Forecasters: #CapeStorm worst to hit CT in 3 decades

There’s been quite a bit of damage already and the storm hasn’t reached its peak yet.

Thick clouds hanging over Cape Town. Picture: Christa Eybers/EWN

CAPE TOWN – The Mother City is in the grips of a monstrous storm that's causing havoc across the peninsula.

Forecasters predict this will be the worst storm to hit the city in three decades.

There’s been quite a bit of damage already and the storm hasn’t reached its peak yet.

Disaster management officials have also had their hands full with numerous weather related incidents.

Shacks in Imizamo Yethu and Macassar Village have been blown away.

Homes in Strand, Delft, Mfuleni and Kalkfontein have also been damaged.

At one house in Lavender Hill, a woman and a child were injured when their roof blew off.

A local says that the howling winds were scary.

“The gale force winds were terrible. Many people complained about their gates, garages and carports.”

Some shelters say they've seen an increase in homeless people seeking accommodation amid the storm.

More than 1,000 people have taken refuge at the Haven Shelter in Cape Town.

The facility's Hassan Khan says: “We had more people knocking on our door and have 97% occupancy. Our next response would be to have people sit on chairs in dining halls and provide them with blankets.”

Following gale force winds overnight, power cables have also come down in various areas, including Athlone, Goodwood and Parow Valley.

Some people have been left without electricity.

In Fish Hoek, a house was struck by lightning in the early hours of Wednesday morning.

Berg Road resident Alan Dickinson says his family has been left rattled.

Dickinson explains what happened: “A bolt of lightning smashed our house. Before the crack in the sky, the house felt like it had been punched. It was followed by this incredible crack and all the light went off.”

The wind has also uprooted trees across the peninsula. In one incident, a tree crashed into a block of flats in Plumstead.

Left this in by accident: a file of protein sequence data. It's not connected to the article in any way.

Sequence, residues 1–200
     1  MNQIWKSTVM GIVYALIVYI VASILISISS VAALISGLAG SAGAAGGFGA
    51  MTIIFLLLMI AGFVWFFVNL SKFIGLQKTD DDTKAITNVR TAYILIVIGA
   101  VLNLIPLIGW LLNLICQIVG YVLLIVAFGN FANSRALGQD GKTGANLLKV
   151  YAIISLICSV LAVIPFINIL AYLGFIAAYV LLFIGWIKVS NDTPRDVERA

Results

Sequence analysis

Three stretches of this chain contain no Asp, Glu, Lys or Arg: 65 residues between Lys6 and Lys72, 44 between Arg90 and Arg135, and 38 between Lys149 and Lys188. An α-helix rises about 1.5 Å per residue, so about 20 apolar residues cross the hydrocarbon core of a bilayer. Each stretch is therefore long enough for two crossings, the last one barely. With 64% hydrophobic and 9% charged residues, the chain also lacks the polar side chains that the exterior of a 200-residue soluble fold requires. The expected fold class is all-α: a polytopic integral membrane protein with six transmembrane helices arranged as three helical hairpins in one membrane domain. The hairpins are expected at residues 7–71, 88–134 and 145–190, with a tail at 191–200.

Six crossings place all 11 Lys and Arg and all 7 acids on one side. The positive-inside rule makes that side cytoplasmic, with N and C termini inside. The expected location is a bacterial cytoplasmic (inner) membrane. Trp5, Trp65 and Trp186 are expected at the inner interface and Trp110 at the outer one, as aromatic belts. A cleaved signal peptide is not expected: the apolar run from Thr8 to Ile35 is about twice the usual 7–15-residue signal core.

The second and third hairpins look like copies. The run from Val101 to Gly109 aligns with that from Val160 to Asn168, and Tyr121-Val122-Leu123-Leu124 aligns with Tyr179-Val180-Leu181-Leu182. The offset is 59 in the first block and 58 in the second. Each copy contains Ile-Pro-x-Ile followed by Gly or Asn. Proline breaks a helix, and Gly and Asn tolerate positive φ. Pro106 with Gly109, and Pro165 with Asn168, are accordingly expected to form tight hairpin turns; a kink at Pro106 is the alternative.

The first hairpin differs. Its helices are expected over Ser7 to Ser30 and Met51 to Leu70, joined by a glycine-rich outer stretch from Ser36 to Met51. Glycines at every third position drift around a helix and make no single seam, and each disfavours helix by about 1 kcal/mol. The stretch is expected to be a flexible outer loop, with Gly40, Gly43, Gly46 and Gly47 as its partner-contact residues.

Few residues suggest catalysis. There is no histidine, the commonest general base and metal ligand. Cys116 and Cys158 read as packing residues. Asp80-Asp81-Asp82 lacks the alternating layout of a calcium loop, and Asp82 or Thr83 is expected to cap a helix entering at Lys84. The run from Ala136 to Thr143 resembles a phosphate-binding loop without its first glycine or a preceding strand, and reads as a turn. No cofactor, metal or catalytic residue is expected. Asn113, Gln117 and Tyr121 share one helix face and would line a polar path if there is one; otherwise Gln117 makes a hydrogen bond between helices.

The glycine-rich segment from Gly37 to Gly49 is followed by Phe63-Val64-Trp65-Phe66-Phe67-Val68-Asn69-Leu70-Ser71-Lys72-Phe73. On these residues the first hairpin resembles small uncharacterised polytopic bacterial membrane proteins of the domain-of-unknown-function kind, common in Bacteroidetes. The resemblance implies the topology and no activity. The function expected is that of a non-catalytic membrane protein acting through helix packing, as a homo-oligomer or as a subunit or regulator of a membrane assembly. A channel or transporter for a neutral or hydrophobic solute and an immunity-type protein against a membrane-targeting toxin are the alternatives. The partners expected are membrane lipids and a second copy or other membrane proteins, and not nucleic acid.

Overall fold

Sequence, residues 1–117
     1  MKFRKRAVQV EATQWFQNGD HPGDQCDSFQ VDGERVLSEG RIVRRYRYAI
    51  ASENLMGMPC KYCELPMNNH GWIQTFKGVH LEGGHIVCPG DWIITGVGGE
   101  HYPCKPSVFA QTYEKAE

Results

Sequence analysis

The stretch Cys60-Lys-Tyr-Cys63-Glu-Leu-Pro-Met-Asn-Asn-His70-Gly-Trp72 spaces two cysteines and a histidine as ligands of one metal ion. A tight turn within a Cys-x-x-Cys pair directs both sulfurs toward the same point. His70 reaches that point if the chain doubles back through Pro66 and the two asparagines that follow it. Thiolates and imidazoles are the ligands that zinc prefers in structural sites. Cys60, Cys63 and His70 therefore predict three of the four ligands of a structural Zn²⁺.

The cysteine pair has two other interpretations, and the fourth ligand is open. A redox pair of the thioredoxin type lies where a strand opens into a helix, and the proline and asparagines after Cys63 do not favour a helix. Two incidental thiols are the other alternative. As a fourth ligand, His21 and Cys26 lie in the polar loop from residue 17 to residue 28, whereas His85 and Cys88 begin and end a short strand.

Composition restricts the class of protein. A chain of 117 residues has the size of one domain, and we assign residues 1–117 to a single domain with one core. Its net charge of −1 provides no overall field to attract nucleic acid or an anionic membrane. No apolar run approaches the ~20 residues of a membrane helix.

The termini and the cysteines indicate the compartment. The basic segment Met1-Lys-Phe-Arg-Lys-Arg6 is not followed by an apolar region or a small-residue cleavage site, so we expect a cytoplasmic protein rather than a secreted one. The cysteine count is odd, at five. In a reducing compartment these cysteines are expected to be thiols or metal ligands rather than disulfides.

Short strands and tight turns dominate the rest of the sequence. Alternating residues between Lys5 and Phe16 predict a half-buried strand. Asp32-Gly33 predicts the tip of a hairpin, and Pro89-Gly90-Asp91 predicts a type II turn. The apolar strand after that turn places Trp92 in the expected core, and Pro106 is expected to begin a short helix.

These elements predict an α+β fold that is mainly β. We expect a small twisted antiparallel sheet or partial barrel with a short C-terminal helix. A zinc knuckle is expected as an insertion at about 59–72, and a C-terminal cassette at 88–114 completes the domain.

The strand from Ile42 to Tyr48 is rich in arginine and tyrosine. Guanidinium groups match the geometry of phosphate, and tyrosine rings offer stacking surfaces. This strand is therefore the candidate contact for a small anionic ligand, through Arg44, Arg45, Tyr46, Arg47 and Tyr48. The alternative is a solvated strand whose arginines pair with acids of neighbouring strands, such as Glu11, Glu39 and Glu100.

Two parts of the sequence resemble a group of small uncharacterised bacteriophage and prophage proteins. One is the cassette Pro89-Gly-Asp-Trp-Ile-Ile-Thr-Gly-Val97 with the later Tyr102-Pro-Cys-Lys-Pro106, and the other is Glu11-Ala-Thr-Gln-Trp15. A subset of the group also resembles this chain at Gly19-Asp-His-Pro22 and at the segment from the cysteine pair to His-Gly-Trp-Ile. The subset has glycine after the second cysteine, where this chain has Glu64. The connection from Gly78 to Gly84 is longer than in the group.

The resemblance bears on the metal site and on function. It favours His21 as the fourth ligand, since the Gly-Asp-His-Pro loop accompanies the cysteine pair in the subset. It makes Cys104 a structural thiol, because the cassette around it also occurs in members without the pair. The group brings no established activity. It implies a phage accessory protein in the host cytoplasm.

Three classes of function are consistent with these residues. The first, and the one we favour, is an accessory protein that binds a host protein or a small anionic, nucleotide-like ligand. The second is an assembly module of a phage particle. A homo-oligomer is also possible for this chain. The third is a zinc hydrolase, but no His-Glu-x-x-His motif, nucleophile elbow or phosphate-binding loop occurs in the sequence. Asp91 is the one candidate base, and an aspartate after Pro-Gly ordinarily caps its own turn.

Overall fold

TRANSPORT

Public transport is expected to be widely affected, but schools and universities have been closed for the day.

Many Capetonians are opting to stay home and wait out the weather.

At the Huguenot Tunnel, no trucks are allowed to enter as a result of a power failure thought to have been caused by the storm.

Western Cape traffic chief Kenny Africa says officials are monitoring all major routes.

Chapman's Peak Drive has also been closed.

In the Grabouw area, an uprooted tree has led to the closure of the N2.

Meanwhile, Cape Town International Airport is open and officials have reported no major delays.

South African Airways issued a statement, saying they'll be monitoring the situation.

The airport did undertake a major storm preparation exercise in the run-up to the cold front hitting.

SEA CONDITIONS

Provincial government has raised concerns about sea conditions as the day progresses. Swells are expected to reach up to 13m high. Officials fear this will cause damage to low-lying areas close to the coast. They’ve asked Capetonians to stay clear of the beaches and oceanside walkways.

(Edited by Shimoney Regter)

Keep revisiting the EWN #CapeStorm live blog for updates